Fox Trots to Future

Lefties typically stick out like sore thumbs when playing second base; Fox made it look easy, turning a double play at one point.

Jordan Fox will never play another game as an Anteater, aside from future alumni games. The number 43 has always been a natural fit above Fox’s belt buckle and between his shoulder blades.

There comes a time when every graduating senior has to turn in his uniform at season’s end. Last Friday (June 1) was Fox’s date to turn in the number that has grown on him.

“I’ve spent probably 1,000 hours out here,” Fox said of UC Irvine’s baseball diamond, spending his final 90 minutes in uniform reminiscing. “This means a lot to me. I’m going to miss it.”

Fox’s life is currently at a crossroads. For four years, he sprayed the ball to all fields, hitting baseballs onto the open outfield lawn like a gardener spreading water, evenly dispersing the wealth.

On June 15, Fox will graduate with a degree in business economics as a scholar athlete.  Fox isn’t currently worried about the job market. He hopes to follow his father’s footsteps as a financial analyst and has no doubts that he’ll find his way.

But Fox isn’t ready to hang up his cleats just yet, although he might have to after tomorrow evening. On June 6, Fox’s fate will be determined by hundreds of scouts who have clocked his foot speed to first base, observed his level swing that consistently produces singles, doubles and triples, and have seen his smooth hands pluck baseballs off of the infield dirt with ease. Scouts likely see his lack of size as an obstacle and his absence of considerable power as a negative, but Fox hopes that an immeasurable quality will lead to his selection in the Major League Baseball Draft — his heart.

Marlon Castillo/New University

When you think of first basemen, you typically think of a 6-foot-4-inch, 240-pound masher. Fox isn’t your prototypical first baseman. Standing just 5-feet-8 inches high, Fox also isn’t the widest target to throw to for infielders, which is one reason why he projects as an outfielder at the next level. His Anteater infielders always know to miss low, not high. If they kept it in the dirt, they knew Fox would gobble it up for the out.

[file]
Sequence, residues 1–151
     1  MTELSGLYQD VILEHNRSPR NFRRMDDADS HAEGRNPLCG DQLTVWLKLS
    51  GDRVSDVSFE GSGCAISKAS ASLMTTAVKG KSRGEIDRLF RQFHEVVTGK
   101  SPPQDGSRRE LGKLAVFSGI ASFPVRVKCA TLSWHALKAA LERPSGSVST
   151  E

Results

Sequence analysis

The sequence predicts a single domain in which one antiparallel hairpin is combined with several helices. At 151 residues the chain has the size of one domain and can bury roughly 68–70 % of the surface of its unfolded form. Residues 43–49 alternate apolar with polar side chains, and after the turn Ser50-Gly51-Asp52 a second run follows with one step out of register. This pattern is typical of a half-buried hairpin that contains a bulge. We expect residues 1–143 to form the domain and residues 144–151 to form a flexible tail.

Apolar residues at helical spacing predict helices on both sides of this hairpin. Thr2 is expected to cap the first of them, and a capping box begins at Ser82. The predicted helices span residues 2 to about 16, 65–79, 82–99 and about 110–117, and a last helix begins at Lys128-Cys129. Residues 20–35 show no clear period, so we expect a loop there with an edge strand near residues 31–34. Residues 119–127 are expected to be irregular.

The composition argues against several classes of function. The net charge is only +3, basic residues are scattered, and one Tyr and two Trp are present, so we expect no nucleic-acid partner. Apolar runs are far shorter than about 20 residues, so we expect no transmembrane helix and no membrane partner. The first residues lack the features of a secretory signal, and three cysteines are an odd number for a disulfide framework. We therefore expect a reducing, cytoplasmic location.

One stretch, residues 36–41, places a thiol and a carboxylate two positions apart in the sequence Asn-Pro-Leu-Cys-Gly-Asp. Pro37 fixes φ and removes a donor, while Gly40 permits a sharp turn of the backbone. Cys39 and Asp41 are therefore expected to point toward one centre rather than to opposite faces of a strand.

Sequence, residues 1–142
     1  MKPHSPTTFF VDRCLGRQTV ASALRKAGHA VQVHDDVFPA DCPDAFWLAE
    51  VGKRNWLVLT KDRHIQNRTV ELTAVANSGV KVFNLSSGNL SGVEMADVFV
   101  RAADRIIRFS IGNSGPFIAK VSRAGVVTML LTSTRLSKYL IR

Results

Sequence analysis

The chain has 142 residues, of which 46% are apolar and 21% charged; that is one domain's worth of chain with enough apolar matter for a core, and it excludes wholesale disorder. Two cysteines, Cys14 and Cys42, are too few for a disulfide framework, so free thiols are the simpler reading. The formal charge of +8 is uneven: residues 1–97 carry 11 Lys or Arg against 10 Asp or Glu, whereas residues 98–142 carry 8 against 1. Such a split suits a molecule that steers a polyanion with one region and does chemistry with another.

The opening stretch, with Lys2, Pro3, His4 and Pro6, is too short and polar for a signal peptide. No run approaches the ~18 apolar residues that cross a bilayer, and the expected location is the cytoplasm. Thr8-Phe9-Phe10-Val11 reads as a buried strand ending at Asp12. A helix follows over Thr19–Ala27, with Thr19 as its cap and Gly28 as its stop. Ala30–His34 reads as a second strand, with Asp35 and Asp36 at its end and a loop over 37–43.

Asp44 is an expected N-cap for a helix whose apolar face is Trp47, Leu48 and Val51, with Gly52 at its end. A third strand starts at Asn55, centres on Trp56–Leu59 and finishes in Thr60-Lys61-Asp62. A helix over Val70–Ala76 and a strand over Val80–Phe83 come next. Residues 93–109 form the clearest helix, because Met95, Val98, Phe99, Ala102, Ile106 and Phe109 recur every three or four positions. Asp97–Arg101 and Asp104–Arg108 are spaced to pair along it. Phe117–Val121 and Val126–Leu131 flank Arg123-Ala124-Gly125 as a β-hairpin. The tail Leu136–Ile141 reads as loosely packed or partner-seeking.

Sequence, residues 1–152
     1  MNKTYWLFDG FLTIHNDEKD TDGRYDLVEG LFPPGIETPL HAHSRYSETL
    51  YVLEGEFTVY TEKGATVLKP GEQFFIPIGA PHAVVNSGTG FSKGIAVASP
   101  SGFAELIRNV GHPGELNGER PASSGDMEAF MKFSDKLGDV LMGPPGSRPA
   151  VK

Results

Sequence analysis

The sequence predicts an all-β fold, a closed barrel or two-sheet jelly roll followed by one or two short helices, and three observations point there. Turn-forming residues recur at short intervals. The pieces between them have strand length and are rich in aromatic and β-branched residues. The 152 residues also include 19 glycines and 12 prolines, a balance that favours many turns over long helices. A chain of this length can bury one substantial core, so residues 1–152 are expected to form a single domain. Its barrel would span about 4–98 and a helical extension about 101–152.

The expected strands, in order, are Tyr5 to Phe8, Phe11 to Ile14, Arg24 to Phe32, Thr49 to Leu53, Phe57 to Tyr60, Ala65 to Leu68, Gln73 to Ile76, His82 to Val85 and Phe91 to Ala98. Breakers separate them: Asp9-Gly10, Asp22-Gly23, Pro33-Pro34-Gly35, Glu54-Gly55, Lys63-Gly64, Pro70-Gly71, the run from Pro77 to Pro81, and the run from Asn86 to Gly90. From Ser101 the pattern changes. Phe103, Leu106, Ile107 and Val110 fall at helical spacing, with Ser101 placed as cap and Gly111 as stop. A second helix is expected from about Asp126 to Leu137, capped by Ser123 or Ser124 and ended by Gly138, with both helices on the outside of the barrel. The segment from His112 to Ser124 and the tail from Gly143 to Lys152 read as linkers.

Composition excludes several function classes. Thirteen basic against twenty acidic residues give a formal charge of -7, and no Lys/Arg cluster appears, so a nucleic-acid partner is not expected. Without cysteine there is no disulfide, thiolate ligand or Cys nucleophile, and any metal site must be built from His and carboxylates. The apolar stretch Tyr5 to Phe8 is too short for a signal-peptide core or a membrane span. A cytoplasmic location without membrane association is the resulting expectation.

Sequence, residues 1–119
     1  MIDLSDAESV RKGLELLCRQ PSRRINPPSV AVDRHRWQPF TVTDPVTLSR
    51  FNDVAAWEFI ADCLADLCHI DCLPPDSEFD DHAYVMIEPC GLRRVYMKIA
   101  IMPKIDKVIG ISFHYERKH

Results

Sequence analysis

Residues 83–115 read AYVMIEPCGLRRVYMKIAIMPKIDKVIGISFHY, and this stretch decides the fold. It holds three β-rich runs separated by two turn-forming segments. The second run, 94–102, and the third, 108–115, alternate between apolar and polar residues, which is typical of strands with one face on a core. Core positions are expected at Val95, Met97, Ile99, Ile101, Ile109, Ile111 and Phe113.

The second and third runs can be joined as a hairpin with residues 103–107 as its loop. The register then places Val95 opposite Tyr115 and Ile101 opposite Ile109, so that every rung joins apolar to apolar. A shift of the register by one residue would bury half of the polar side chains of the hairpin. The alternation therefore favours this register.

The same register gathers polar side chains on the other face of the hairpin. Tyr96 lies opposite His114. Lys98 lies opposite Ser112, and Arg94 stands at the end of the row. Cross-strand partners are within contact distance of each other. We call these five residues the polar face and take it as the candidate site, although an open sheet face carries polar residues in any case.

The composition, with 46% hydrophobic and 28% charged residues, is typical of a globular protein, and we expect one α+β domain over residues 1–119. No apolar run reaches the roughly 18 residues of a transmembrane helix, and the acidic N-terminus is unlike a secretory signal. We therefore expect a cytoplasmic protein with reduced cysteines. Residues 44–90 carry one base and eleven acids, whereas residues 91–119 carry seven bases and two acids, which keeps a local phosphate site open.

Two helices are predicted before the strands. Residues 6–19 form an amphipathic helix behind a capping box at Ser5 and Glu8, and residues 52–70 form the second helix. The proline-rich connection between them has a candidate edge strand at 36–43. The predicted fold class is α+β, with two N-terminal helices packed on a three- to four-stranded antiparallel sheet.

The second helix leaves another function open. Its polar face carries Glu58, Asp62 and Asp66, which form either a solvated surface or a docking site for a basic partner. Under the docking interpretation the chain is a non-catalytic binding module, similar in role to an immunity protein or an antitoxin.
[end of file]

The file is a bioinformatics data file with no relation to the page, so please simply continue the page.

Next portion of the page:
In addition to being vertically challenged, Fox doesn’t hit the ball a country mile. After having his No. 43 retired at Bishop Amat High School in Hacienda Heights, Fox entered UCI swinging for the fences. As a senior in high school, he poked six homers and was named the 2008 CIF Player of the Year. So Fox was confused when UCI Coach Pat Shine yelled at him for taking a looping swing early in his freshman season at Cicerone Field.

Shine took Fox aside and made it clear that in a ballpark that features a thick marine layer and high walls, Fox was expected to drive the ball in the gaps and flatten out his swing. The team player that he is, Fox listened, but some didn’t.

Fox’s former roommate, Jordan Leyland, transferred to NAIA’s Azusa Pacific University this year after hitting four home runs and hitting .294 in 2011. Leyland hit 22 home runs and drove in 74 runs at APU. Leyland was, however, facing sub-NCAA quality pitching, and hitting in a ballpark with a short porch in left field, which measures 20 feet shorter and half the height of Cicerone Field’s fence.

“Everyone wants to hit home runs, but I’ve been part of a team that hosted a Super Regional,” Fox said. “Lefties get screwed out here. I’ve crushed a few balls that haven’t gone out. But I wouldn’t trade my experiences here for X amount of home runs.”

Instead of focusing on power numbers, Fox has always stuck to getting on base and producing runs. The only numbers he cares about are win totals and his superstitious affinity for the No. 43.

Ever since Fox started playing travel ball as a kid, he’s been wearing No. 43. Fox’s father, Robert, suggested the number because it was different and because it was NASCAR driver Richard Petty’s number.

“I told him that there are lower numbers available,” Gillespie said, laughing at his star player’s odd choice in digits. “He could have had a normal number like 6 or 9.”

Robert instilled discipline in his son, always going the extra mile to hit Jordan groundballs or feed him soft-toss after practices. Along with humoring his father’s Richard Petty request, Jordan also selected a country walk-out song chosen by his father. Montgomery Gentry routinely serenaded Fox with, “I’m slowing it down, and I’m looking around, and I’m loving this town, and I’m doing all right. Ain’t worried about nothing, except for the man I want to be” when the lefty would approach the batter’s box at home games as Super Fan shouted, “The Fantastic Mr. Fox!”

Gentry’s lyrics fit Fox’s stable stance at the plate and the comfort he has always felt in Irvine. With one glance, he’d look into the stands to make sure his parents were in attendance while loosening up in the on-deck circle, showing them that he appreciated their support.